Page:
asked the Prime Minister whether she will make a statement on the recent allegations concerning Sir Maurice Oldfield in relation to the security of the United Kingdom.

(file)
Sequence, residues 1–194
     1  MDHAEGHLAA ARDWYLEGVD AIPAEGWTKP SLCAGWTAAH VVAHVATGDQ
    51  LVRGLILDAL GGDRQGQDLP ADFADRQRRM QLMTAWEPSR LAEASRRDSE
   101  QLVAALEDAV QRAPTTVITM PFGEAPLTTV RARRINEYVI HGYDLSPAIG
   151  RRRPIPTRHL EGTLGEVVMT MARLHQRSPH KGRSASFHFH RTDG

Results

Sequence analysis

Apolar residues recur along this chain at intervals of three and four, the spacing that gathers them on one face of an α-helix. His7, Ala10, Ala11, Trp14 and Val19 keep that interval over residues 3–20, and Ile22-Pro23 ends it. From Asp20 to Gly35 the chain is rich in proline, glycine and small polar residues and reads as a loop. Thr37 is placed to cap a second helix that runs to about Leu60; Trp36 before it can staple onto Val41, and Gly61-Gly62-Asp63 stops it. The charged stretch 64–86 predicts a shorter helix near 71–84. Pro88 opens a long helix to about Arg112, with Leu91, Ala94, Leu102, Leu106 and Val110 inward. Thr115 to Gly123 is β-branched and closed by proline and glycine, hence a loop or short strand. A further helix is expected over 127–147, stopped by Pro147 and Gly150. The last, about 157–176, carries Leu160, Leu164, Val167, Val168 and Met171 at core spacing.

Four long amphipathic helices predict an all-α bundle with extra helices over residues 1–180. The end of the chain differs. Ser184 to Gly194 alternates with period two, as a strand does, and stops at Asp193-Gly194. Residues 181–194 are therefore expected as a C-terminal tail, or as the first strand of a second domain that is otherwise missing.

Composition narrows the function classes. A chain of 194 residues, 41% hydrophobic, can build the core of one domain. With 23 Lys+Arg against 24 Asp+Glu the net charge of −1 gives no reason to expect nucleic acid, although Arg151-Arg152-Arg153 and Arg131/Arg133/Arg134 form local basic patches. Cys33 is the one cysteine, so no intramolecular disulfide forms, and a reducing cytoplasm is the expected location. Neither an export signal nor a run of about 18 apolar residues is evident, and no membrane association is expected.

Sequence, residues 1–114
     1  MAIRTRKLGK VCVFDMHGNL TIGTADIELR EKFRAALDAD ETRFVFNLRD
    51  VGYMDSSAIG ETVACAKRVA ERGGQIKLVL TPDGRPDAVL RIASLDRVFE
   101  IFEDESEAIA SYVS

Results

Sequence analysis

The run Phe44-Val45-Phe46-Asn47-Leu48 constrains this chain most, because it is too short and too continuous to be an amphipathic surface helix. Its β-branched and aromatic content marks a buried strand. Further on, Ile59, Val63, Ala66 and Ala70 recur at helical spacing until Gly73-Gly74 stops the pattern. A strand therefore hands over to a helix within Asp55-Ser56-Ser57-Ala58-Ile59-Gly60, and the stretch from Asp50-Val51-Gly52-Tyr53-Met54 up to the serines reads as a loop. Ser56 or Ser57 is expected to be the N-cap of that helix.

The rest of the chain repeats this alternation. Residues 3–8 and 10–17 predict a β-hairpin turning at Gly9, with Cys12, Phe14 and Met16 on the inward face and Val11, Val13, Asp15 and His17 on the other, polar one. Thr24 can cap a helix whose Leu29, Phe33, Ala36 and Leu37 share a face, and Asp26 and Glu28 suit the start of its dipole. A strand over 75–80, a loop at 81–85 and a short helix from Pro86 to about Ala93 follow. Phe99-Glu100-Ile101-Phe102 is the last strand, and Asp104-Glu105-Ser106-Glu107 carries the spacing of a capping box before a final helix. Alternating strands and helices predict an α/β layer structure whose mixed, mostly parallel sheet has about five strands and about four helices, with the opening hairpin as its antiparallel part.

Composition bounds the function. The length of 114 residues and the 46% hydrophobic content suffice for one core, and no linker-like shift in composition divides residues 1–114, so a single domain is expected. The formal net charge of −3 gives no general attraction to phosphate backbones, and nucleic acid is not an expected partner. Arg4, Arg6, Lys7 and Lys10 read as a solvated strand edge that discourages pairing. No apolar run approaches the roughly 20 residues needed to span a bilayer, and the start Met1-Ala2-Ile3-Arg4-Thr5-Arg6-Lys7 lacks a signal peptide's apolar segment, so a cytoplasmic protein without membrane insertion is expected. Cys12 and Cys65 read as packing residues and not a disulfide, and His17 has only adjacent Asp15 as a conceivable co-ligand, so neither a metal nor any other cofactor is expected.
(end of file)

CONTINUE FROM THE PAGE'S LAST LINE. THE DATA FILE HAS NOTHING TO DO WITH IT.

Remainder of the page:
Sir Maurice Oldfield became Security Co-ordinator in Northern Ireland in October 1979. Subsequently reports were received which caused his positive vetting clearance to be reviewed. In March 1980, in the course of that review, he made an admission that he had from time to time engaged in homosexual activities. His positive vetting clearance was withdrawn. By this time he was already a sick man; he finally ceased to serve as Security Co-ordinator in Northern Ireland when a successor took over in June 1980; he died in March 1981.There was a lengthy and thorough investigation by the Security Service, which included many interviews with Sir Maurice Oldfield himself, to examine whether there was any reason to suppose that he himself or the interests of the country might have been compromised. The conclusion was that, though his conduct had been a potential risk to security, there was no evidence or reason whatsoever to suggest that security had ever been compromised; indeed, he had contributed notably to a number of security and intelligence successes which would not have been achieved had there been a breach of security. That conclusion stands.The facts of the case were made known to the Security Commission, when it undertook the review of security procedures and practices, including vetting, in the public service which I commissioned in March 1981. In that report the commission dealt with criteria for positive vetting clearances and with the security implications of male homosexuality. I made it clear in my statement on the Security Commission's report, which was presented to Parliament in May 1982 as Cmnd. 8540, that the Government accepted the Security Commission's report and were acting upon its recommendations.